Losing a family member to cancer is never easy. But when it limits a teenager's ability to function in school, grief can negatively affect their grades and their futures.

Gilda's Club South Jersey has formed teen support groups at nine high schools and one middle school in Atlantic and Cape May counties where students can meet to talk with other students who understand how cancer has changed their lives.

Teen program manager Beth Wray recently met with the Absegami Teen Club, a lively group of students who warned that their 45-minute sessions often run much longer.

"Even if you don't want to talk about it, we're good at making people comfortable," said senior Randy Bock, 18 one of the few male members of the group. "But it is harder for guys to talk."

One of the rules of Teen Club is confidentiality. What happens in Teen Club stays in Teen Club. Some students have family members currently battling cancer. Others lost parents recently, or even years before, but are still grappling with their emotions. Some couldn't wait to get back to the normacly of school, others couldn't handle their friends' sympathy.

"Not everyone handles it the same way," said senior Helen Snelgrove, 18. "But you learn how others are going through the same things you are. That makes it easier to talk to people here."

Other high schools that have Teen Clubs include Buena Regional, Cedar Creek, Charter Tech, Egg Harbor Township, Hammonton, Holy Spirit, Middle Township and most recently Mainland Regional. Upper Township Middle School also has a club. The clubs typically meet once per month at the school, and monthly as a group at Gilda's Clubhouse in Linwood. In addition to getting support, the clubs also give back through community service projects.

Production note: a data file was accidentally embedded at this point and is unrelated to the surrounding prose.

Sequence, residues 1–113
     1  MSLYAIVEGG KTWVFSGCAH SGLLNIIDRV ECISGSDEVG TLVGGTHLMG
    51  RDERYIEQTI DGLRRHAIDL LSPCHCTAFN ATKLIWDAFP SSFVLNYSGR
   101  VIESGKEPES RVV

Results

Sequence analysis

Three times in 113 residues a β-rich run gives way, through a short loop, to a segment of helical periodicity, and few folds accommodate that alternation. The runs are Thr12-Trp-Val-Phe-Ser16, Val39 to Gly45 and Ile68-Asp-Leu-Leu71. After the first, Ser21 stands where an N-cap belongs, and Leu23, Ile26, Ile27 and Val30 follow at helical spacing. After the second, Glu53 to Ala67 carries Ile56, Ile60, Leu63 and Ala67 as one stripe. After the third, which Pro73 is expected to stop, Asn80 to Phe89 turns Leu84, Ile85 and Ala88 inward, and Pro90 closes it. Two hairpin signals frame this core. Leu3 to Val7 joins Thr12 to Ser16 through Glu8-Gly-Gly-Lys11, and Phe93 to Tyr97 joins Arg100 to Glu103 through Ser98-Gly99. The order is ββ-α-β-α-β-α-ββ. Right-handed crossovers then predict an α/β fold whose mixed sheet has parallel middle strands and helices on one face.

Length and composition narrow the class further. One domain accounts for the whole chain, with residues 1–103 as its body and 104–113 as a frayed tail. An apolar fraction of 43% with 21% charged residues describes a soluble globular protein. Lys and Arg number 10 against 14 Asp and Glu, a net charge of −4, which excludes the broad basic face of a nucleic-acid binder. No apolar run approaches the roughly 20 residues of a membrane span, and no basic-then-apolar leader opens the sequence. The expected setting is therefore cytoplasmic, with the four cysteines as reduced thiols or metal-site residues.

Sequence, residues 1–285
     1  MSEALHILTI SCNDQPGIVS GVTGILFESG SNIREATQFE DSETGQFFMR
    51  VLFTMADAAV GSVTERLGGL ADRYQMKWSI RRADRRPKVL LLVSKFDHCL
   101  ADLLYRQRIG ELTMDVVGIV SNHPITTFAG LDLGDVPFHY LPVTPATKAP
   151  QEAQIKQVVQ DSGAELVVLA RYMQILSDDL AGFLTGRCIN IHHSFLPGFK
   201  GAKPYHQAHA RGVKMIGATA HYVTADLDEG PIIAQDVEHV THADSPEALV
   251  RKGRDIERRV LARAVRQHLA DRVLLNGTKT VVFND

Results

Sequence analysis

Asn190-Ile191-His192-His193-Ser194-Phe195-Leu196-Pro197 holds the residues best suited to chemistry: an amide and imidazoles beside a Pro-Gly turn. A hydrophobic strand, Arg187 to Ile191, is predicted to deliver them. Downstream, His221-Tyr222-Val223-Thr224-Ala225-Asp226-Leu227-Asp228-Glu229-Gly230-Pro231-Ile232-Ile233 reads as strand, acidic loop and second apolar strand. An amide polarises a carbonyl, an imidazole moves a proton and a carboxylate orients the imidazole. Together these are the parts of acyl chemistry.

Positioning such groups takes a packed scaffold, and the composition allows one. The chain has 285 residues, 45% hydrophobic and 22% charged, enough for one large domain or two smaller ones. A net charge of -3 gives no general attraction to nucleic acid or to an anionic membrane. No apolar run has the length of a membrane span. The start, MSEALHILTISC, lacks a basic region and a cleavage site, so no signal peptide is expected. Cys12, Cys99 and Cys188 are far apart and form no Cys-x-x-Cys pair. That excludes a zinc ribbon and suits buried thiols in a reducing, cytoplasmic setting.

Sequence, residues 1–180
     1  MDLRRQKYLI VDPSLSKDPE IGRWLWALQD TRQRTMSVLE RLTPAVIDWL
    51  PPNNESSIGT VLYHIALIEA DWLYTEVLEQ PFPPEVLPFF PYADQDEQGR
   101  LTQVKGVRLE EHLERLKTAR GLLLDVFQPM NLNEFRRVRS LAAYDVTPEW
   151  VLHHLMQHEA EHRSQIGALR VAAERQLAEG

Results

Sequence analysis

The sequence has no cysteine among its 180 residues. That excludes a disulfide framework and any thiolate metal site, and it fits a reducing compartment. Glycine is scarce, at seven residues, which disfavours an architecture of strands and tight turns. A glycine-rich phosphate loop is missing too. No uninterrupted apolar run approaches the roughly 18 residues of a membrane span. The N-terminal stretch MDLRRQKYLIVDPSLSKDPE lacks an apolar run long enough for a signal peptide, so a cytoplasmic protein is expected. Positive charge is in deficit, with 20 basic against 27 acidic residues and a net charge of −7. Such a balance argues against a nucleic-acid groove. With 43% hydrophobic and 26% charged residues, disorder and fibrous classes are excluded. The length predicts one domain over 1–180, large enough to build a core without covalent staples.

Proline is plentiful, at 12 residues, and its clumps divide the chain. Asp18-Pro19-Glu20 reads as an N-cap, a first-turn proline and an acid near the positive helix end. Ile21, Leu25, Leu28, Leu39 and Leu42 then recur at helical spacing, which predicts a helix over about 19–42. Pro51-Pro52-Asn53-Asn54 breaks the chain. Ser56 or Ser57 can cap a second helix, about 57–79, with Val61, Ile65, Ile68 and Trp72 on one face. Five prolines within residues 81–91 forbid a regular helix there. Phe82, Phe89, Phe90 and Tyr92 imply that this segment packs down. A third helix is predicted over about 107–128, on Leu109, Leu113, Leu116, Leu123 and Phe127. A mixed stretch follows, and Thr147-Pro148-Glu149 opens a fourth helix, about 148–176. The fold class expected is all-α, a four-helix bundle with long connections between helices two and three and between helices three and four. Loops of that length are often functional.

Wray said sometimes children don't want to talk to their parents. Being able to talk to their peers provides an outlet.

"It can be easier to talk to your peers than to your parents when you see they're grieving too," said Nhi Tram, 17.

Students admit to being nervous at first about coming, and club members will try to reach out if they hear of a student who might benefit. Beyonce Jerkins, 14, admits she was so nervous her first time that her guidance counselor had to walk her into the room.

Wray said group members will look out for each other even outside the group. They cry together, but also laugh and share good times.

"We give you permission to grieve the way you want to," Wray said. "But if you are not here, we're looking for you."

Students can get more information from guidance counselors at the participating high schools or from Wray at Gilda's Club at Beth@gildasclubsouthjersey.org, (609) 926-2699.

Contact Diane D'Amico:


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